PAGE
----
A rectocele is a form of pelvic organ prolapse that occurs when the tissues and muscles that hold the end of the large intestine (rectum) in place are stretched or weakened. This results in the rectum moving from its natural position to press against and sometimes through the back wall of the vagina.
A rectocele usually develops when a woman's pelvic muscles become weak as a result of having children, aging, or having previous surgery. Rarely, a rectocele may be present at birth (congenital).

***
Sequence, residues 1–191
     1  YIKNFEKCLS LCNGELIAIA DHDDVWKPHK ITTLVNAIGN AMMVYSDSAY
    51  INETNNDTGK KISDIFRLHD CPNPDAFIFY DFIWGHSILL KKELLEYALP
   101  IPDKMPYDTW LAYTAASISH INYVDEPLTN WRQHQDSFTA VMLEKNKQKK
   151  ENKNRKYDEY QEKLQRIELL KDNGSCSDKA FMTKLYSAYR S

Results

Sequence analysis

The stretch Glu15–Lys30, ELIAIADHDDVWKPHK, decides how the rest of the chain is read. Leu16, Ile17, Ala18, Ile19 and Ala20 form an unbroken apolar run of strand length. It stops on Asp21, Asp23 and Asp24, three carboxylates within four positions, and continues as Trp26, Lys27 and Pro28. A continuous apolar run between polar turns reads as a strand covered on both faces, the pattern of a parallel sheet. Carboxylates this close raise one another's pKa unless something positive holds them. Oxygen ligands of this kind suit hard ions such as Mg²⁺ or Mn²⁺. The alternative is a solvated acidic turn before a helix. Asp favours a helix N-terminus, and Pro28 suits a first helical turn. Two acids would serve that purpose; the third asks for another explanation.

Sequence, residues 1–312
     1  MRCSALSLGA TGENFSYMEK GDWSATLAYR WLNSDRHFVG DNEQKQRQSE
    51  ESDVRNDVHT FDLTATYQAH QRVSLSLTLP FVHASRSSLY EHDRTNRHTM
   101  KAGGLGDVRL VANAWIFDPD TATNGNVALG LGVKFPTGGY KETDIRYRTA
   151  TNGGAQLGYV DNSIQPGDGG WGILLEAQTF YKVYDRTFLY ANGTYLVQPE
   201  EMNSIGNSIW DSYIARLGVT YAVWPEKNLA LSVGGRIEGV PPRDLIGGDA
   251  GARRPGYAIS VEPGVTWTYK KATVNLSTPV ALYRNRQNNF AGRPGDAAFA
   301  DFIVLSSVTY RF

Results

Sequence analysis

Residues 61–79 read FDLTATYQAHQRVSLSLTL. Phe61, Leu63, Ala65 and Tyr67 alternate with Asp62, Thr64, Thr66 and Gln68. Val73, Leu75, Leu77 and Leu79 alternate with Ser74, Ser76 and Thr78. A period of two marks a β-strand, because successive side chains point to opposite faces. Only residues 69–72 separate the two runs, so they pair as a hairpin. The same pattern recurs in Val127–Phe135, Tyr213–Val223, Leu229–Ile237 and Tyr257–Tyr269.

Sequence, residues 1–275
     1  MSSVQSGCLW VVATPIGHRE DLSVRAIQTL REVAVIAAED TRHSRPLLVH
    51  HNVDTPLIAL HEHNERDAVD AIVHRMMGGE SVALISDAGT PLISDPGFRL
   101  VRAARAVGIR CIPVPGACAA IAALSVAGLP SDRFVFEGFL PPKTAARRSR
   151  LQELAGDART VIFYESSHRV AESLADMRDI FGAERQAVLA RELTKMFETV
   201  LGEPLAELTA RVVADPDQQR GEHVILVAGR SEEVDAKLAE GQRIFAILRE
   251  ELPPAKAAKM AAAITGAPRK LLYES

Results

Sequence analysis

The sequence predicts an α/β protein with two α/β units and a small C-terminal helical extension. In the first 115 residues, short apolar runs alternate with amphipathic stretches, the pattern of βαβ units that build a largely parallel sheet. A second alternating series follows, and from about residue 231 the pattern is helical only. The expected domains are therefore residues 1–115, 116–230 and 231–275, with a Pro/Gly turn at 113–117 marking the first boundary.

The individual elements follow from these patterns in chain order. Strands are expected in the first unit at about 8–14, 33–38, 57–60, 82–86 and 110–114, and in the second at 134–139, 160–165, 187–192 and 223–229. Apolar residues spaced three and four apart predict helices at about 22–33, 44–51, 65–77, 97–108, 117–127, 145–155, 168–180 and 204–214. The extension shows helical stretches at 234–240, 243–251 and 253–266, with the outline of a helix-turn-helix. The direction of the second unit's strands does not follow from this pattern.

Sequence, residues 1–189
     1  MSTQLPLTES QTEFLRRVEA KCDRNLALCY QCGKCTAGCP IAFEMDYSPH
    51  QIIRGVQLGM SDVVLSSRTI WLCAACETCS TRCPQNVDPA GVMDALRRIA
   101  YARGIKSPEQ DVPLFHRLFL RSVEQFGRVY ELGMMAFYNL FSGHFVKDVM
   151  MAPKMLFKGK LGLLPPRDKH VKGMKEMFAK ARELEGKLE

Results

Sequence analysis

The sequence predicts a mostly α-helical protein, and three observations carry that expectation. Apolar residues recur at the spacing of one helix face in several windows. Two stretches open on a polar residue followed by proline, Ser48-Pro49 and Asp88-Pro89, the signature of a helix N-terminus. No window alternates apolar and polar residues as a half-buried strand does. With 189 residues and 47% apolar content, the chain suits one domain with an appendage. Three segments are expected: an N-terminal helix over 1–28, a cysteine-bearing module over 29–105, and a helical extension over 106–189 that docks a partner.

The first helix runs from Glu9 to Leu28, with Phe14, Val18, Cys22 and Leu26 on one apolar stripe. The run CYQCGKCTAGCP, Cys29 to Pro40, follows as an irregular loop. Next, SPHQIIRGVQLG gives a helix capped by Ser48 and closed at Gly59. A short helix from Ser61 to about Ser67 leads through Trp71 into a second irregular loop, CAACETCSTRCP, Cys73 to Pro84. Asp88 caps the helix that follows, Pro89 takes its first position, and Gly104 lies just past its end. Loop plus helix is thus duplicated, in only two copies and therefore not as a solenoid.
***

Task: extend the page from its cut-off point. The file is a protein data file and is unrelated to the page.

A rectocele may become large or more obvious with straining or bearing down (for example, during a bowel movement). A rectocele may cause pain during sexual intercourse or difficulty passing stool.
Many cases of rectocele do not cause symptoms and do not require treatment. If treatment becomes necessary, a rectocele usually can be surgically corrected.
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